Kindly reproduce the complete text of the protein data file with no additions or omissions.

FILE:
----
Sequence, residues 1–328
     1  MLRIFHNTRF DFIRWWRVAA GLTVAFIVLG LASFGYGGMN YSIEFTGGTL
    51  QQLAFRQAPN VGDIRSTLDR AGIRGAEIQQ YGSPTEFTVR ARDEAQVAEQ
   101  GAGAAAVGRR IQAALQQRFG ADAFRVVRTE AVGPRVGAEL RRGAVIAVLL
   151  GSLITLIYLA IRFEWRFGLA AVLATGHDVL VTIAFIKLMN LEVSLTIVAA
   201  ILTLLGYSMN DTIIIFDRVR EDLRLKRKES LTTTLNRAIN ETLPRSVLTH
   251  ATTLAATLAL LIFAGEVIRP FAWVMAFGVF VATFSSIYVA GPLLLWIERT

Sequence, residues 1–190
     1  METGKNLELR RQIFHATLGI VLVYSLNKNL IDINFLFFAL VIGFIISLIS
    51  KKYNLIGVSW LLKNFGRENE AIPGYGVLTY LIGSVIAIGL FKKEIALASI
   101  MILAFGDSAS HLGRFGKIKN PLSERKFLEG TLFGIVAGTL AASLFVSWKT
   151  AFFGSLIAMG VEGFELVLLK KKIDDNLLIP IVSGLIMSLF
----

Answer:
Sequence, residues 1–328
     1  MLRIFHNTRF DFIRWWRVAA GLTVAFIVLG LASFGYGGMN YSIEFTGGTL
    51  QQLAFRQAPN VGDIRSTLDR AGIRGAEIQQ YGSPTEFTVR ARDEAQVAEQ
   101  GAGAAAVGRR IQAALQQRFG ADAFRVVRTE AVGPRVGAEL RRGAVIAVLL
   151  GSLITLIYLA IRFEWRFGLA AVLATGHDVL VTIAFIKLMN LEVSLTIVAA
   201  ILTLLGYSMN DTIIIFDRVR EDLRLKRKES LTTTLNRAIN ETLPRSVLTH
   251  ATTLAATLAL LIFAGEVIRP FAWVMAFGVF VATFSSIYVA GPLLLWIERT

Sequence, residues 1–190
     1  METGKNLELR RQIFHATLGI VLVYSLNKNL IDINFLFFAL VIGFIISLIS
    51  KKYNLIGVSW LLKNFGRENE AIPGYGVLTY LIGSVIAIGL FKKEIALASI
   101  MILAFGDSAS HLGRFGKIKN PLSERKFLEG TLFGIVAGTL AASLFVSWKT
   151  AFFGSLIAMG VEGFELVLLK KKIDDNLLIP IVSGLIMSLF